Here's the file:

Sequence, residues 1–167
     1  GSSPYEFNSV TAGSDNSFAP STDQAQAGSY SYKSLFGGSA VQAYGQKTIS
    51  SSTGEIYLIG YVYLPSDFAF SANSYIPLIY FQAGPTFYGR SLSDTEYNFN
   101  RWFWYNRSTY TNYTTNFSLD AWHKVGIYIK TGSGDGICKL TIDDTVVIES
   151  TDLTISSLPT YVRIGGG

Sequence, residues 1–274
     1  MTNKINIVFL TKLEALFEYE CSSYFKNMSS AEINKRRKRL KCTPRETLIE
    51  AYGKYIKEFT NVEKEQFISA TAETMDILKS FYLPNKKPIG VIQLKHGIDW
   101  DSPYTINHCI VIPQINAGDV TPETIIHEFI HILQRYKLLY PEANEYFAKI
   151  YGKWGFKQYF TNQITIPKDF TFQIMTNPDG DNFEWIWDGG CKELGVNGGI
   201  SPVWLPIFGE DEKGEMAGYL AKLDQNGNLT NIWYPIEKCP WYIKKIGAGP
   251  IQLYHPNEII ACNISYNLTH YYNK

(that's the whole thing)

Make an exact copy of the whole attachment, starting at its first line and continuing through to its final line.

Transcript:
Sequence, residues 1–167
     1  GSSPYEFNSV TAGSDNSFAP STDQAQAGSY SYKSLFGGSA VQAYGQKTIS
    51  SSTGEIYLIG YVYLPSDFAF SANSYIPLIY FQAGPTFYGR SLSDTEYNFN
   101  RWFWYNRSTY TNYTTNFSLD AWHKVGIYIK TGSGDGICKL TIDDTVVIES
   151  TDLTISSLPT YVRIGGG

Sequence, residues 1–274
     1  MTNKINIVFL TKLEALFEYE CSSYFKNMSS AEINKRRKRL KCTPRETLIE
    51  AYGKYIKEFT NVEKEQFISA TAETMDILKS FYLPNKKPIG VIQLKHGIDW
   101  DSPYTINHCI VIPQINAGDV TPETIIHEFI HILQRYKLLY PEANEYFAKI
   151  YGKWGFKQYF TNQITIPKDF TFQIMTNPDG DNFEWIWDGG CKELGVNGGI
   201  SPVWLPIFGE DEKGEMAGYL AKLDQNGNLT NIWYPIEKCP WYIKKIGAGP
   251  IQLYHPNEII ACNISYNLTH YYNK